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UNHCR Statistical Online Population Database: Sources, Methods and Data Considerations

Data and statistics

UNHCR Statistical Online Population Database: Sources, Methods and Data Considerations

1 January 2013


The 1951 Convention and the 1969 OAU Convention provide clear refugee definitions. The fact that more than 140 countries have acceded to the 1951 Convention or its 1967 Protocol, and many of these countries have incorporated the refugee definition contained in that Convention in their national legislation, makes refugees relatively easy to count.

Refugees can only be adequately protected when they are registered. Refugee statistics are generally based on individual registration records, kept by the host government. As such, UNHCR often supports countries in registering and documenting refugees.

Although many countries have implemented the international refugee definition into their national laws and procedures, keeping accurate statistics is not always straightforward. First, there may be a difference of opinion between UNHCR, NGOs and the host country about who is a refugee. For instance, nationals fleeing conflict in their country of origin may be officially recognized as refugees by some countries, but not by others. UNHCR statistics generally reflect the data of the host country. Second, although refugees are often registered individually, the accuracy of registration varies greatly, depending on the protection and operational environment. Third, refugees may not be aware of the need to register or may perceive the costs of registration as higher than its benefits. Fourth, some countries grant not only Convention refugee status, but also subsidiary forms of protection which are more difficult to compare internationally. Fifth, even though there is an international refugee definition, the administrative rules governing the granting of refugee status vary greatly. For instance, some countries have implemented strict criteria for asylum-seekers to be admitted to the asylum procedure. Sixth, administrative records tend to overestimate the actual number of individuals, because it is easier to register than to de-register individuals. This is particularly the case when registration is linked to the provision of services or benefits.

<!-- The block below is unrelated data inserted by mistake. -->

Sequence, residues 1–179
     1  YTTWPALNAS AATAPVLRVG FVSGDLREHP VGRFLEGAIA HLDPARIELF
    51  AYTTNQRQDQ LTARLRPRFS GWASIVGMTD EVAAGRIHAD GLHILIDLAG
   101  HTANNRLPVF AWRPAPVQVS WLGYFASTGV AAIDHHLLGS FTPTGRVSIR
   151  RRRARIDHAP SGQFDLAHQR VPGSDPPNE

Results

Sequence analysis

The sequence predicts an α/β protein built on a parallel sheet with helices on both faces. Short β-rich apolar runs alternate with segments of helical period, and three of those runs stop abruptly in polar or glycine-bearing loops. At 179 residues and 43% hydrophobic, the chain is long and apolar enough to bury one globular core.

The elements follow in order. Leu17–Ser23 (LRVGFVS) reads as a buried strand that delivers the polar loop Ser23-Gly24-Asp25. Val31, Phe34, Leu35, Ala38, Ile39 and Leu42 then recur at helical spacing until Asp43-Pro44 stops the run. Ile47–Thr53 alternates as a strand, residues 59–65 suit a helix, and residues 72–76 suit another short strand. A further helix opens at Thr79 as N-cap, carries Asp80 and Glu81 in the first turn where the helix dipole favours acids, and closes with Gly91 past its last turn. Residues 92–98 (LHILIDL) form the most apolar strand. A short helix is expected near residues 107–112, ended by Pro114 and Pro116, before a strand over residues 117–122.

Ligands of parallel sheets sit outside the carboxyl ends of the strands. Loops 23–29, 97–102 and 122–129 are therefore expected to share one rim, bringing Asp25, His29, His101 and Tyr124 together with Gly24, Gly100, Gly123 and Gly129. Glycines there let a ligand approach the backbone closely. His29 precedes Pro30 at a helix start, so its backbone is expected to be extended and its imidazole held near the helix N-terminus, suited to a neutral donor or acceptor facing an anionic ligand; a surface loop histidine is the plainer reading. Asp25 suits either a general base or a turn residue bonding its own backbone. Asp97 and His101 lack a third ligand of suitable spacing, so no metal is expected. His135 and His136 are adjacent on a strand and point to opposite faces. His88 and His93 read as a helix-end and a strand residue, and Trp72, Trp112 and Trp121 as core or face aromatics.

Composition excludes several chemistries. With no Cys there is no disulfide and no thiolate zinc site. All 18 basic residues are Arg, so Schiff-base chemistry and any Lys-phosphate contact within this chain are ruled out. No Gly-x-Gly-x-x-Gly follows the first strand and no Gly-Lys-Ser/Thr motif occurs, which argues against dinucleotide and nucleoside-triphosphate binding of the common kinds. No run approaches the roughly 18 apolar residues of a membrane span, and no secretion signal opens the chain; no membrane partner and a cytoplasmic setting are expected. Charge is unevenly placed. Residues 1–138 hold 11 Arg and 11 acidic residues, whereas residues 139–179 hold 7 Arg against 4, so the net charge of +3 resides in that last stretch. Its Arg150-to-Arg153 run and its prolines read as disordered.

UNHCR's population of concern is composed of various groups of people including refugees, asylum-seekers, internally displaced persons (IDPs) protected/assisted by UNHCR, stateless persons and returnees (returned refugees and IDPs).

In UNHCR statistics, refugees include individuals recognized under the 1951 Convention relating to the Status of Refugees; its 1967 Protocol; the 1969 OAU Convention Governing the Specific Aspects of Refugee Problems in Africa; those recognized in accordance with the UNHCR Statute; individuals granted complementary forms of protection; or, those enjoying "temporary protection".

Since 2007 the refugee population category also includes people in a refugee-like situation, most of who were previously included in the Others of concern group. This sub-category is descriptive in nature and includes groups of persons who are outside their country or territory of origin and who face protection risks similar to those of refugees, but for whom refugee status has, for practical or other reasons, not been ascertained.